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Wednesday, May 9, 2012

Across the Universe

Like a few other songs released at the end of the Beatles' career, this much-loved composition by Lennon has a long and complex history.  It merits its own entry here due to its unique first release a few months after the single Something/Come Together.

Across the Universe was recorded in February of 1968 at the sessions specifically designated to create a single which would be released while the group was in India.  Lennon was unhappy with the recording of his song and pulled it from consideration; the ensuing single thus became Lady Madonna b/w The Inner Light.  But what, exactly, was wrong with the recording?  John simply felt that it never quite achieved what he was hearing (but could somehow not communicate to the group) in his head.

Anthology 2 presents take two, which has become my favorite version.  John is still learning how to sing the song, with its tricky meter and breathing patterns.  George plays what sounds like an autoharp, but is probably the high end of the strings on his sitar.  The take is more ethereal than any that followed, suiting the lyrics perfectly in my opinion.  The basic track of the master, take seven, is not significantly different, but overdubs changed the recording in a number of ways.  John and Paul decided that high female harmonies would be a good idea, so Paul went outside and brought in two of the always-present Apple Scruffs to sing on the track.  Thus, Lizzie Bravo and Gayleen Pease found their way into Beatles lore.  John, Paul and George added backing vocals and John played a tone pedal guitar part, completing the track.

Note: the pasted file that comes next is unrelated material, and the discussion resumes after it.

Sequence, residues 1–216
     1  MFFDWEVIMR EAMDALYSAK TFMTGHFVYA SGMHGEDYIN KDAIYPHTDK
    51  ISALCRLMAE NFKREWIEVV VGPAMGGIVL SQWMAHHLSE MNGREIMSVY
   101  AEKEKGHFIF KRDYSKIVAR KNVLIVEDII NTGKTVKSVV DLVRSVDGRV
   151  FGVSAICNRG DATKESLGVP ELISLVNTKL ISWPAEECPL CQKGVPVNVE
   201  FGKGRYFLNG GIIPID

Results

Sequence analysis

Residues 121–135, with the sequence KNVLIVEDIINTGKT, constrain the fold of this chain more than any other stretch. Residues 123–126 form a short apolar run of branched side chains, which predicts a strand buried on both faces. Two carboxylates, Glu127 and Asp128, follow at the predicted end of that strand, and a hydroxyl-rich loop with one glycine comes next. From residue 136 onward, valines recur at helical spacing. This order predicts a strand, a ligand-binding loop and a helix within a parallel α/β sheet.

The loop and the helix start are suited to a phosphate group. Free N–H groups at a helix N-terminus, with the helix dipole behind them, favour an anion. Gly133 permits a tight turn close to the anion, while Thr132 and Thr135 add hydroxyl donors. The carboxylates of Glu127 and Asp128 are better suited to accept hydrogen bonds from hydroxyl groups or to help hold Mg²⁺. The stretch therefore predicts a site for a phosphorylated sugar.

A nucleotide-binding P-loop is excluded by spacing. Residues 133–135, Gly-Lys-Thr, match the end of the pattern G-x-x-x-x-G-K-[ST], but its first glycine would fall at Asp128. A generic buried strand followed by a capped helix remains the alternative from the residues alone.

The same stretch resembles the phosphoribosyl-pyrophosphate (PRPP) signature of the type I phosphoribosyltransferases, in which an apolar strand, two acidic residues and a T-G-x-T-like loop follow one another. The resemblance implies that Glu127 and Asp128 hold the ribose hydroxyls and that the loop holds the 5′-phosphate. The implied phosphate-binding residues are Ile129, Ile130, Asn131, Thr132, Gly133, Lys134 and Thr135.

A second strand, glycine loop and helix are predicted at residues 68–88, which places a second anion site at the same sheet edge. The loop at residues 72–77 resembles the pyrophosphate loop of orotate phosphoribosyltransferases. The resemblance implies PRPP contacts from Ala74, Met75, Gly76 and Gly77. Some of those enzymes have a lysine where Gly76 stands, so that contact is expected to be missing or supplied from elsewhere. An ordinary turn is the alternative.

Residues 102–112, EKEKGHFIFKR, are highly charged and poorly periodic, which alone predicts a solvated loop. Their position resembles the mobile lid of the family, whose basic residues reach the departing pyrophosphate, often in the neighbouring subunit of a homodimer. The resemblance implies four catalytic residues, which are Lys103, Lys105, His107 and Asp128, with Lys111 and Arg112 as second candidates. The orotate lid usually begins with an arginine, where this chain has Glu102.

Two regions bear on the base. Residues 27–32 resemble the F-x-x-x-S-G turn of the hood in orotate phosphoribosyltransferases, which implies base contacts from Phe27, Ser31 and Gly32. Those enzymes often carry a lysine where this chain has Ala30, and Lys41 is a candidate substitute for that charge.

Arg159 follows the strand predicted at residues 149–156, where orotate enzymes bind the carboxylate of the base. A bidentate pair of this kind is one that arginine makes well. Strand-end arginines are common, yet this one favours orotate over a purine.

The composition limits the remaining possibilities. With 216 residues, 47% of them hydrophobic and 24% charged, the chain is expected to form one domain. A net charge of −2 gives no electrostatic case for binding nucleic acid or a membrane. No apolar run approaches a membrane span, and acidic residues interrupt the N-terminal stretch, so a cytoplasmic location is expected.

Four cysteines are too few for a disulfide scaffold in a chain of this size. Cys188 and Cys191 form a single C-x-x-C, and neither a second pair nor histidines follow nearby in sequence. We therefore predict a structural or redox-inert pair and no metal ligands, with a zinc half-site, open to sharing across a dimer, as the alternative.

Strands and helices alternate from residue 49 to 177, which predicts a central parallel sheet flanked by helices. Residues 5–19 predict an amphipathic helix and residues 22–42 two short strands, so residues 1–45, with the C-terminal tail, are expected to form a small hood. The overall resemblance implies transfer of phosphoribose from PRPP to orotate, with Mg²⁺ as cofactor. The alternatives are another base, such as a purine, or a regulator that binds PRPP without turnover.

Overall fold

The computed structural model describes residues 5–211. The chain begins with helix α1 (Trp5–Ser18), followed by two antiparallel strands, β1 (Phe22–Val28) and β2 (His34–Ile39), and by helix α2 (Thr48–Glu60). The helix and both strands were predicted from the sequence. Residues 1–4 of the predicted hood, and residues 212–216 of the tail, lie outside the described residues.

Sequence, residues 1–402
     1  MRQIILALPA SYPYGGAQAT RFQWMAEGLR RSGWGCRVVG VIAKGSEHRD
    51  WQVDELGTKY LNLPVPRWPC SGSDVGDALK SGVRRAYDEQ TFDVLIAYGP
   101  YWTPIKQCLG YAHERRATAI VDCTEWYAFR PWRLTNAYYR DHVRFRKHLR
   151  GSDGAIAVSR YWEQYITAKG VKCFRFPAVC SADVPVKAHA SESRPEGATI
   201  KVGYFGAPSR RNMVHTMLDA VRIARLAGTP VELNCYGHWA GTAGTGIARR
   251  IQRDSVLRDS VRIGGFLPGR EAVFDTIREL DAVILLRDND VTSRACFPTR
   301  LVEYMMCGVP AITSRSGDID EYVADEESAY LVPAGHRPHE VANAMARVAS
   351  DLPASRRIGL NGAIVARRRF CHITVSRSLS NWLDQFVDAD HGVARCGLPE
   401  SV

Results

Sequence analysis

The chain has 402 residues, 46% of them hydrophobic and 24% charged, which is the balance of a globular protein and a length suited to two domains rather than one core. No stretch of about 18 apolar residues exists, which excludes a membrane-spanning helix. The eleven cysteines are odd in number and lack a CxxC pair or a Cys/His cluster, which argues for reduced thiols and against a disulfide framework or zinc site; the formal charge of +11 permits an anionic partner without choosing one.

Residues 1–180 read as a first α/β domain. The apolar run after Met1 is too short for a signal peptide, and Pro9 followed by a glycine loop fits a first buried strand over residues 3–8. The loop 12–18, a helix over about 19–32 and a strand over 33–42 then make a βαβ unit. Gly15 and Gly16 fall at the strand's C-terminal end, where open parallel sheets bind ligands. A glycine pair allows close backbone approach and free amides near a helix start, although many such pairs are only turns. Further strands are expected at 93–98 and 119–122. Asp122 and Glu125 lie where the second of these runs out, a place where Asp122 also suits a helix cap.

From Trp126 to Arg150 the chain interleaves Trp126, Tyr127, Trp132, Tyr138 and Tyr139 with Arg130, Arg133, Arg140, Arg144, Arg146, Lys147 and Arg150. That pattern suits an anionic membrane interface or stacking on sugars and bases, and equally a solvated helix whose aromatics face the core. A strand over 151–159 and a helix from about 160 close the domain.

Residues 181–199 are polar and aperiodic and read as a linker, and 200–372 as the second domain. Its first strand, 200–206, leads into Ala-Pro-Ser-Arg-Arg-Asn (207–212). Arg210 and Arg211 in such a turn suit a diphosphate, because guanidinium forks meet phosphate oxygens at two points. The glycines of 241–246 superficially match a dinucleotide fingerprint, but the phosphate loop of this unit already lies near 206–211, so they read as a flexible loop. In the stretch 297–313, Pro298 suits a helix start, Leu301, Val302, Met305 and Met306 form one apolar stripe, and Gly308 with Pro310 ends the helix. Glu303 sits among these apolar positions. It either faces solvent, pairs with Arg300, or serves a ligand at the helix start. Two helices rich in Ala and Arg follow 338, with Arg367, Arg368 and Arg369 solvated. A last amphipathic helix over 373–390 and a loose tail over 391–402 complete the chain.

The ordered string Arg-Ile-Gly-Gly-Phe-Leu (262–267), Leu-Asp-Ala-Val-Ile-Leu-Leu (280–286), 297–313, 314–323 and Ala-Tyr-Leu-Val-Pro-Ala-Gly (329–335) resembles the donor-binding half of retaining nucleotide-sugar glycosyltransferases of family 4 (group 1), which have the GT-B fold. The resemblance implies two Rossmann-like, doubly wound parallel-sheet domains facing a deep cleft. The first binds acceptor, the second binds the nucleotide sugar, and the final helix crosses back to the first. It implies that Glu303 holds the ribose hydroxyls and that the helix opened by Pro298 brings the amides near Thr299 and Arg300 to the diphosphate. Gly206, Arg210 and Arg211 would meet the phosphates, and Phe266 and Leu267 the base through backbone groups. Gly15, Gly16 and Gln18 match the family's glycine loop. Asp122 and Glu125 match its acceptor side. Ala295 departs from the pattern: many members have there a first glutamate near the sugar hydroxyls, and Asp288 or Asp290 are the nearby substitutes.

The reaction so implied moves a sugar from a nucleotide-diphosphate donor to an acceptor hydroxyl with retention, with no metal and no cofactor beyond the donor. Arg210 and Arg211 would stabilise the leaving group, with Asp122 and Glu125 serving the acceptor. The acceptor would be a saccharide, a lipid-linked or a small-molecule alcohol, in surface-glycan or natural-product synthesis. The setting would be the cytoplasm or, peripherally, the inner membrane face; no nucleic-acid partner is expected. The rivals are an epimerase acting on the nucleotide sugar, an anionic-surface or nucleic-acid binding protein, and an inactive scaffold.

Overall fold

The song almost surfaced a year later, when plans to release a Yellow Submarine EP with Across the Universe as a bonus track were briefly considered.  At some point, the group agreed to donate the song to a charity album for the World Wildlife Fund.  When the release date for that album was imminent, producer George Martin added bird sound effects to the beginning and end of the track, and for some reason, he decided to speed up the entire recording by a semi-tone.  Other acts, including the Bee Gees, the Hollies and Cilla Black were represented on the collection, but landing the Beatles was such a coup that the album was titled No One's Gonna Change Our World, slightly altering the lyrics of Lennon's refrain.  It was released on December 12th, 1969.

Less than a month later, producer Glyn Johns was in the studio creating a different version out of the same master recording.  The plan for a Get Back album had not died, especially since the documentary film of those January '69 sessions was nearing completion.  In that film, John was seen playing Across the Universe, so it would have to appear on the accompanying album, but there was no proper recording of the song as it was performed in the film.  Glyn Johns returned to the master and eliminated the Beatles' backing vocals, almost (but not completely) removed the female harmonies, and presented the song at its original tempo.  His work went unused, however, as the Beatles once again rejected his proposed Get Back album.   

The World Wildlife Fund version of the song later appeared on both the UK and US versions of the  compilation Rarities.  One more version of the song would be created before the group officially disbanded. 

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